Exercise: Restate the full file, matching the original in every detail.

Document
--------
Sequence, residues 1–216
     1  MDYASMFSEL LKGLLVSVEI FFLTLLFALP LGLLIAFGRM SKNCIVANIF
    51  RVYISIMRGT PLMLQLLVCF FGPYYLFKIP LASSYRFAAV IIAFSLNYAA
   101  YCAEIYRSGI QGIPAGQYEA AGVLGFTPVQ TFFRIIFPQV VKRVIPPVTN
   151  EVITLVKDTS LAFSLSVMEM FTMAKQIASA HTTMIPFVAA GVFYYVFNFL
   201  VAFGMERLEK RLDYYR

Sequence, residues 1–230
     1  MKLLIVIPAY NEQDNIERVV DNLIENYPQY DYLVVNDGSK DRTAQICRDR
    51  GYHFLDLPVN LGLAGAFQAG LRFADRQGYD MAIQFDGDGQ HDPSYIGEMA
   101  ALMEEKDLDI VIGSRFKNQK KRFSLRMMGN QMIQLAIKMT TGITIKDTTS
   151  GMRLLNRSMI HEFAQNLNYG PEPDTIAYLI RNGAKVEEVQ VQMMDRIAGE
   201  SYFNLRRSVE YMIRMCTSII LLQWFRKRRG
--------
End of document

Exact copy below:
Sequence, residues 1–216
     1  MDYASMFSEL LKGLLVSVEI FFLTLLFALP LGLLIAFGRM SKNCIVANIF
    51  RVYISIMRGT PLMLQLLVCF FGPYYLFKIP LASSYRFAAV IIAFSLNYAA
   101  YCAEIYRSGI QGIPAGQYEA AGVLGFTPVQ TFFRIIFPQV VKRVIPPVTN
   151  EVITLVKDTS LAFSLSVMEM FTMAKQIASA HTTMIPFVAA GVFYYVFNFL
   201  VAFGMERLEK RLDYYR

Sequence, residues 1–230
     1  MKLLIVIPAY NEQDNIERVV DNLIENYPQY DYLVVNDGSK DRTAQICRDR
    51  GYHFLDLPVN LGLAGAFQAG LRFADRQGYD MAIQFDGDGQ HDPSYIGEMA
   101  ALMEEKDLDI VIGSRFKNQK KRFSLRMMGN QMIQLAIKMT TGITIKDTTS
   151  GMRLLNRSMI HEFAQNLNYG PEPDTIAYLI RNGAKVEEVQ VQMMDRIAGE
   201  SYFNLRRSVE YMIRMCTSII LLQWFRKRRG